The artist’s interest lies in creating screens that bend and twist to engage the viewers and architecture in a different way. For his site-specific project “Tendrils,” ribbon-like digital screens organically wrap around the architectural structure like vines growing up a tree.
The screens will project dazzling, growing digital plants, but what’s even more interesting is that they aren’t just pre-planned videos.
“The work is algorithmic. We have a computer that decides the species of plant, how many flowers it will produce, and the speed of growth. We have remote access to Tendrils from my studio in Spain so we can continually add new species. I think of this project as a garden I will tend to over the years,” the artist says.
Local representation
Elisabeth Condon is a long-standing figure in Tampa’s art scene, teaching at USF from 2003-2014 and exhibiting throughout Florida, nationally and internationally. Serendipitously placed by the International Arrivals hall at Airside F, her piece “Verdant Tampa Bay” takes cues from Chinese painting while nodding to the Florida environment.
“The things about Chinese painting that interest me are concepts that make it so relevant now: the time-lapse while moving through space, textures that create a sense of variety, and movement through a landscape. The question for me was: How can I add all of these elements into a single work that is not moving?” Condon says.
Her visual research involved trips to the Hillsborough River, Sunken Gardens, Selby Gardens, and even historical sites such as Indian mounds to gather reference pictures.
“I use tracing and drawing to absorb this visual material inside my body before I work on the paintings. I try to digest it and create a language for it that makes sense for the painting and the location,” she says.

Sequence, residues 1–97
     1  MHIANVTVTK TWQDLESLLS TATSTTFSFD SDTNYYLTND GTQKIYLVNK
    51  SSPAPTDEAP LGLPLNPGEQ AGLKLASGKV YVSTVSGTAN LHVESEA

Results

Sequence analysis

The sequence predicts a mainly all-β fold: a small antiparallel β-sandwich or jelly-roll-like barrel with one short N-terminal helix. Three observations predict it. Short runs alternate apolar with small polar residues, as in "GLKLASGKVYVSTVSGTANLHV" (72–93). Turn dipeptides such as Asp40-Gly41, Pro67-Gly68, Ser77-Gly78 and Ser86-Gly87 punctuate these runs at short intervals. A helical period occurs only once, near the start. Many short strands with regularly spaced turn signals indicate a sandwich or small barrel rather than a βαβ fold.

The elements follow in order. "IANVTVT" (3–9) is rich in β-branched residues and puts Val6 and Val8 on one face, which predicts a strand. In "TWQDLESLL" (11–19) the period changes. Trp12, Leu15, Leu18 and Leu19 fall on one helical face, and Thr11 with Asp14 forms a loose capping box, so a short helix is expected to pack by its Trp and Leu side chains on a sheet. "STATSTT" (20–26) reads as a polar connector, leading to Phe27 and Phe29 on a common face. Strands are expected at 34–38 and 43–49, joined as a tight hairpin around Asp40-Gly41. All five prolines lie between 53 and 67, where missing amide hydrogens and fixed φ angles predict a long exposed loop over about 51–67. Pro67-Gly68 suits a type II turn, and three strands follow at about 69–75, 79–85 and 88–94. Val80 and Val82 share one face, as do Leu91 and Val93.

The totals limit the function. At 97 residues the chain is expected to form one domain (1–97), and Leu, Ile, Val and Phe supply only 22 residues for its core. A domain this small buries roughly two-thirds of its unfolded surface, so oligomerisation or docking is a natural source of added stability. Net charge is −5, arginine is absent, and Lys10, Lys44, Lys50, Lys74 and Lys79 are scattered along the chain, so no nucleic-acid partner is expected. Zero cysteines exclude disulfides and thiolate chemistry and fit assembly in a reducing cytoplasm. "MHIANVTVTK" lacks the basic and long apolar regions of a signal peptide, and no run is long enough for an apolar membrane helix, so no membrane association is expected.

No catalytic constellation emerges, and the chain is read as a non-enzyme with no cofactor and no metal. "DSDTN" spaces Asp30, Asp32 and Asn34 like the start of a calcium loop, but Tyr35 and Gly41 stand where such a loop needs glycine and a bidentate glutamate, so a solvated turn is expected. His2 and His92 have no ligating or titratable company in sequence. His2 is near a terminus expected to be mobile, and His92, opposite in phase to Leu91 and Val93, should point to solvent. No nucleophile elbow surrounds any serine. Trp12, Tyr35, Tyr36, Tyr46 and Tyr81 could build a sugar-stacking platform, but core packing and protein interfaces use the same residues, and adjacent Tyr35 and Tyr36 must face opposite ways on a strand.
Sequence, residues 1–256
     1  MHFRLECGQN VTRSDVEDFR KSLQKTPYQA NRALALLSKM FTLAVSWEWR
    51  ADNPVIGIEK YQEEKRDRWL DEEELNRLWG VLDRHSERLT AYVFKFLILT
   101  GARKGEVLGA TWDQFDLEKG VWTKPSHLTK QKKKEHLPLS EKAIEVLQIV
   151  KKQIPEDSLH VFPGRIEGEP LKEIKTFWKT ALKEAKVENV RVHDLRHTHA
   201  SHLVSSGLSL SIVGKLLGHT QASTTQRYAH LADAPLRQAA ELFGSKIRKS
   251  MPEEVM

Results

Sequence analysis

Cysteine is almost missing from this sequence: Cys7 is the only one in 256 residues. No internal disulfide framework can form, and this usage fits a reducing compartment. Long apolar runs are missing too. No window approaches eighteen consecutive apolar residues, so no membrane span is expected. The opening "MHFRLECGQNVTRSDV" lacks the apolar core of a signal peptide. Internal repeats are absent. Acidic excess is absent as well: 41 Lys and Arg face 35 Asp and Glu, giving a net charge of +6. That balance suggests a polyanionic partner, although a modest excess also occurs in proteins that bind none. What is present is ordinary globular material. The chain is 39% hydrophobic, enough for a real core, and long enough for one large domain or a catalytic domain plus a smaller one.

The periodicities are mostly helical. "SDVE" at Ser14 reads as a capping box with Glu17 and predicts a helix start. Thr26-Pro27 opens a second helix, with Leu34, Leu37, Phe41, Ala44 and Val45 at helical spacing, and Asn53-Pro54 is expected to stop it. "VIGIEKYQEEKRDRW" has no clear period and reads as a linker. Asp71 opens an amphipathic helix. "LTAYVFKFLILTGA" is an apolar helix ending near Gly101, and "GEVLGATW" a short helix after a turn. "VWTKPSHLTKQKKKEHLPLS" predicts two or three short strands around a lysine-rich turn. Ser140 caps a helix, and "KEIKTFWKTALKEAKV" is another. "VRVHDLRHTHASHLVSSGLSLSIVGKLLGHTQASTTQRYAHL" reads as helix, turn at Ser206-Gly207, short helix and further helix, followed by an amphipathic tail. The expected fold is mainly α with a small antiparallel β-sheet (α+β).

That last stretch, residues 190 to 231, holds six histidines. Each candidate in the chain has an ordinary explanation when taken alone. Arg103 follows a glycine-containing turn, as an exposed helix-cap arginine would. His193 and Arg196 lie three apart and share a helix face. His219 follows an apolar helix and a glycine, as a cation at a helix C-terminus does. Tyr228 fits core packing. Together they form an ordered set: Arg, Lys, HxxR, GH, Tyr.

The final, large-scale painting is an explosion of foliage, colors and textures that respond to the different seasons and places around Tampa, in line with works recently displayed at the Tampa Museum of Art during Skyway: A Contemporary Collaboration.
Other artists and their anticipated works:
  • Nick Cave’s “Palimpsest” is a 1,500-lb. hanging bead sculpture in the rental car facility that is reminiscent of his heavily textured Soundsuits. (Cave is no stranger to Tampa: his Heard performance was a part of Lights on Tampa 2015.) 
  • Erwin Redl will have a hanging LED light installation “Symbols, Systems, and Proportions” by the north escalator at the rental car center, created with symbols you might see at an airport. (His work was also featured locally during Lights on Tampa 2006.)
  • Tim Prentice and David Colbert are collaborating on a hanging kinetic metal sculpture that reacts to the lightest of air movement above the automated people mover at the rental car station.
  • “Greetings from Tampa Bay” by Sheryl Oring is part performative piece, part sculpture. She travelled around the Bay Area to gather people’s stories, which informs her sculptural piece where these stories are typed up and juxtaposed alongside photos of Tampa. Oring’s piece will be installed in the automated people mover station at the economy garage.
  • Ralph Helmick’s large turtle sculpture “n + 1” will be located in the main terminal, with 1,000 hatchlings hovering above it in an expanded turtle-shaped formation. This installation will hang above the automated people mover at the main terminal at the center of the station.
  • The ninth commission, created by the Netherlands-based Frederik Molenschot, is yet to be determined.
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Read more articles by Caitlin Albritton.

Caitlin Albritton is a freelance writer based in Tampa with a BFA from Savannah College of Art and Design and a MFA from Maryland Institute College of Art. When she's not looking at art throughout town, she can be found making it. You can keep up with her visual art on Instagram @caitlinalbritton or on her website. Visit her recent line of inlay “wearable paintings.”